Sunday, 21 July 2013

15. Originality

I can proudly state that I achieved my goal as stated in last month’s blog. I’d written just over 30,000 words by the end of June and discovered how many words I can manage in a thirty minute sprint. That means I have no more excuses to write something every day. (cough)

It was great to see that word count rise as did my excitement at having a new story evolve. Add to that was the bonus of meeting some more of the wonderful writers at RWA who provided encouragement, entertainment and such an amazing feeling of camaraderie.

I look forward to chatting with some of them again in RWA’s Clayton’s Conference in August. Last year’s conference was an absolute blast and I made some wonderful friends, some of whom are attending this year’s Clayton’s also. As much as I’d love to be travelling to Fremantle, Western Australia and meeting a few of those wonderful people in person, I’ve no doubt this year’s Claytons is going to be just as amazing.

My characters played nice and let me take them on an adventure with just a few side steps. I must admit those little detours were steps in the right direction. Soon I’ll have a completed story to edit and then let rest for a little while. Then I’ll be searching for victims (I mean, volunteers) to play beta reader for me. Critiques please – your prize – first look at a new story and for me, if it’s considered good enough – possible publication. Have to keep those hopes and dreams alive, right? :)

As for this blog’s topic, there was cause for a little more insight when I borrowed (with her permission) my oldest child’s library book, firstly to show interest in the things she likes and also to get a feel for what her generation is reading. She’s in to the YA version of the stories I love to read and write and reading her book allowed me some perspective of what it’s like to be an angst-ridden teen. I say perspective because I prefer to block out that part of my life and pretend it never happened (I’m sure there will be moments in my children’s teenage years that I’ll want to forget too.)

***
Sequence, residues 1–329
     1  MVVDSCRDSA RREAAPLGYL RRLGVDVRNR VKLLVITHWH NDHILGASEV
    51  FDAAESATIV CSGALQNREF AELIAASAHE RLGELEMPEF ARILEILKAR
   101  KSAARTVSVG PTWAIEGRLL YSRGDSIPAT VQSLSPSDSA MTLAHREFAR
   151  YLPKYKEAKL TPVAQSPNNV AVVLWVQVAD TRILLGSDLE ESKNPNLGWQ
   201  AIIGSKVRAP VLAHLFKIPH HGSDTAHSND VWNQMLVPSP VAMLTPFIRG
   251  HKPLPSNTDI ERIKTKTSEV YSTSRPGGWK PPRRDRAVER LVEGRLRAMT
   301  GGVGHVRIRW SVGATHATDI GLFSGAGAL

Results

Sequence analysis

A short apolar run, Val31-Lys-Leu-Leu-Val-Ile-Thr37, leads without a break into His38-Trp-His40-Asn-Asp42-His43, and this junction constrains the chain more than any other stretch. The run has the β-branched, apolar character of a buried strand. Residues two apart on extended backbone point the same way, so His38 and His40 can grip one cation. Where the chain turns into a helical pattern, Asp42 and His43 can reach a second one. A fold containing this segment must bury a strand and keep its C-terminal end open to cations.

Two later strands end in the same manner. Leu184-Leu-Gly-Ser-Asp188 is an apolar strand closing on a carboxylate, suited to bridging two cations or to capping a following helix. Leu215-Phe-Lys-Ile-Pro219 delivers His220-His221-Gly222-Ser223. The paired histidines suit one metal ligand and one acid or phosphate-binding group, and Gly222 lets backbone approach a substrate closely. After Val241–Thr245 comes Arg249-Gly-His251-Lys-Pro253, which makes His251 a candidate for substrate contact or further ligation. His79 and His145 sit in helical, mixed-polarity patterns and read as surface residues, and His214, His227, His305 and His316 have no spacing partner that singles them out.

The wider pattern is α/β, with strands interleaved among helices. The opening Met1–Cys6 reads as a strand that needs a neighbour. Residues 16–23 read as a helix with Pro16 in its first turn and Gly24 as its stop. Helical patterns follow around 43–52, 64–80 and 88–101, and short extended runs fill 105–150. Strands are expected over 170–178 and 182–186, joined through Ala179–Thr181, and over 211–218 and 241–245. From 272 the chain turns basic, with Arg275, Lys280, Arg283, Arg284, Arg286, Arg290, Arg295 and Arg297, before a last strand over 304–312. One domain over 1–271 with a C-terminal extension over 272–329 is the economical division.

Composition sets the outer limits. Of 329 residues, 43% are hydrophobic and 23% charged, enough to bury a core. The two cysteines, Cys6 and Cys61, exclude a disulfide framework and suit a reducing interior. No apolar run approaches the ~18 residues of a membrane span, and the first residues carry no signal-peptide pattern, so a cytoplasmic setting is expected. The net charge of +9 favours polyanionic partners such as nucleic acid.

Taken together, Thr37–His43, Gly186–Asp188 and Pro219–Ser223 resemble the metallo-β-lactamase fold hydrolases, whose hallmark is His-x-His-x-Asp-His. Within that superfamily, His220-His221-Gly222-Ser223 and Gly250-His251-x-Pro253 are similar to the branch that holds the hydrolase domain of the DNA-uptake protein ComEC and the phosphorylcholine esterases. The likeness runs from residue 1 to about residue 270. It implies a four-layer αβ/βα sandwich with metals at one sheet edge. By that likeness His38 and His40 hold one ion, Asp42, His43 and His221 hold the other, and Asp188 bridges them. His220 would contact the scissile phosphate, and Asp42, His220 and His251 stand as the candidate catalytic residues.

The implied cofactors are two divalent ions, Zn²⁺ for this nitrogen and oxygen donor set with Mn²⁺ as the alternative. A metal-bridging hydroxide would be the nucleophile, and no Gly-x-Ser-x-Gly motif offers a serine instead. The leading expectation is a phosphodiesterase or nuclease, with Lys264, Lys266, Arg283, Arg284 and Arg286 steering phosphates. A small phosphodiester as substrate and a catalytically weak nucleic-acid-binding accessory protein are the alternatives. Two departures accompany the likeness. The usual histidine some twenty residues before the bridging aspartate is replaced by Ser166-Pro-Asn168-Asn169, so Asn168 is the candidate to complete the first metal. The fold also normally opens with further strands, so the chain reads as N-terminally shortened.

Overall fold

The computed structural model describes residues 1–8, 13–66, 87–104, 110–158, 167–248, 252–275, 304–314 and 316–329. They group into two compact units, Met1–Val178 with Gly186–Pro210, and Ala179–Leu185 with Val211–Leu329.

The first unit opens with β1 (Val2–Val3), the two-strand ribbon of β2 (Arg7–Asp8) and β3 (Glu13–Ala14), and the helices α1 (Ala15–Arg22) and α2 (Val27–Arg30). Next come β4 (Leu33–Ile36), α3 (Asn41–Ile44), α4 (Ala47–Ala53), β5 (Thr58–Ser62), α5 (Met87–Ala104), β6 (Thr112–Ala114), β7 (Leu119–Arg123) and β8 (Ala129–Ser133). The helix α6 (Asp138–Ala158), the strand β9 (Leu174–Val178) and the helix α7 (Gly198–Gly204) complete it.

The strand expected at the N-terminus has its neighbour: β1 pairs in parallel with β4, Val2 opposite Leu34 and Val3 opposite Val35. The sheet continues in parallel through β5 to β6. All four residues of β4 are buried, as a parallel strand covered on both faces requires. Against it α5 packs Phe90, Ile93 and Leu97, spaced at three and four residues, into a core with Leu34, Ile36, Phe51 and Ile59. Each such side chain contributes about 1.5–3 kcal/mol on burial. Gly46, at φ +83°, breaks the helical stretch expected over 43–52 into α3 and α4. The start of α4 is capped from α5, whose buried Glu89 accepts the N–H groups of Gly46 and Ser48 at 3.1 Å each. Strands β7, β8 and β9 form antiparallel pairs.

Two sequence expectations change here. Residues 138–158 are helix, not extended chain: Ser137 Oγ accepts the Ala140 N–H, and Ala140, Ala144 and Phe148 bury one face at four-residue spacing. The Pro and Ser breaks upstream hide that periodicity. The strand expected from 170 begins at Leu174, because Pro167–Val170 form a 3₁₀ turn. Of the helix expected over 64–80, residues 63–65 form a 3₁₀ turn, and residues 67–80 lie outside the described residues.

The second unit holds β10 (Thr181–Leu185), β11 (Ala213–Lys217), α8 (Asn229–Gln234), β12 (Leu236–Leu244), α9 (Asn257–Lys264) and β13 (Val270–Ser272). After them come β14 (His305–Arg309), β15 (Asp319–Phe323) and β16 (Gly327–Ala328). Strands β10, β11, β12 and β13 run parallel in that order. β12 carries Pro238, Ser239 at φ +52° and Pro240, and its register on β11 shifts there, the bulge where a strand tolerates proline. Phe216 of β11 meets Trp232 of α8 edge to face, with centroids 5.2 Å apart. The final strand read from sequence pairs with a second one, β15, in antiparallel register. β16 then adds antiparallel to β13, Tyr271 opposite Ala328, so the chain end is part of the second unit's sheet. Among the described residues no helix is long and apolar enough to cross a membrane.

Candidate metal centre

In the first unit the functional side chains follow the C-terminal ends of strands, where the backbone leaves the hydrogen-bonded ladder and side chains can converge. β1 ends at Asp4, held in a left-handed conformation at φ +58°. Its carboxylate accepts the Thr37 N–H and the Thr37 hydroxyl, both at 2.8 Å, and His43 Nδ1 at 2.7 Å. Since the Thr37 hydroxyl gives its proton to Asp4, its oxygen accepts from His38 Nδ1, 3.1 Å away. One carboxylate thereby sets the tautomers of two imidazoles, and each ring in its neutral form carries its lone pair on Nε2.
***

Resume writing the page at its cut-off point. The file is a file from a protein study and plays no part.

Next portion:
For the most part I enjoyed the story but I also found it frustrating and to my dismay, I found similarities to a story I’d been working on when I first became serious about my writing. For the first third of the story I was running a comparative checklist:-

Angst-ridden teen female main character – check

Main character thinks she’s a freak - check

Survives car accident resulting in paranormal ability – check

Results in a scar main character is desperate to hide – check

Main character blames self for the car accident – check again.

Granted her character was 16 whereas mine was 18, their paranormal abilities were heading in opposite directions and the scars were in different places, by this stage I was almost afraid to keep reading. All the effort I’d made to keep my story new and interesting (or so I thought) and here I was discovering that it had already been done. And now that I’ve written this I’m reminding myself of Stephen King’s – The Dead Zone...

I did keep reading though and discovered from then on that our characters, ideas and similarities parted ways. It was an invaluable lesson. Originality is vital in the publishing world. We all want to read something fresh, exciting and interesting and for those who write, well that’s what we want to write too.

I imagine other readers have heard the statement – there are no new stories, only new ways to tell them – so I’ve taken that on board too. I have some work to do, some out-of-the-box thinking to pursue and take the time to give my readers the kind of books they deserve whether it’s a new perspective on a tried and true storyline or something that’s never been seen before.

Only one problem, my daughter hasn’t brought home a new book for a couple of weeks now... I think I may have fretted a little too much over the last one. :)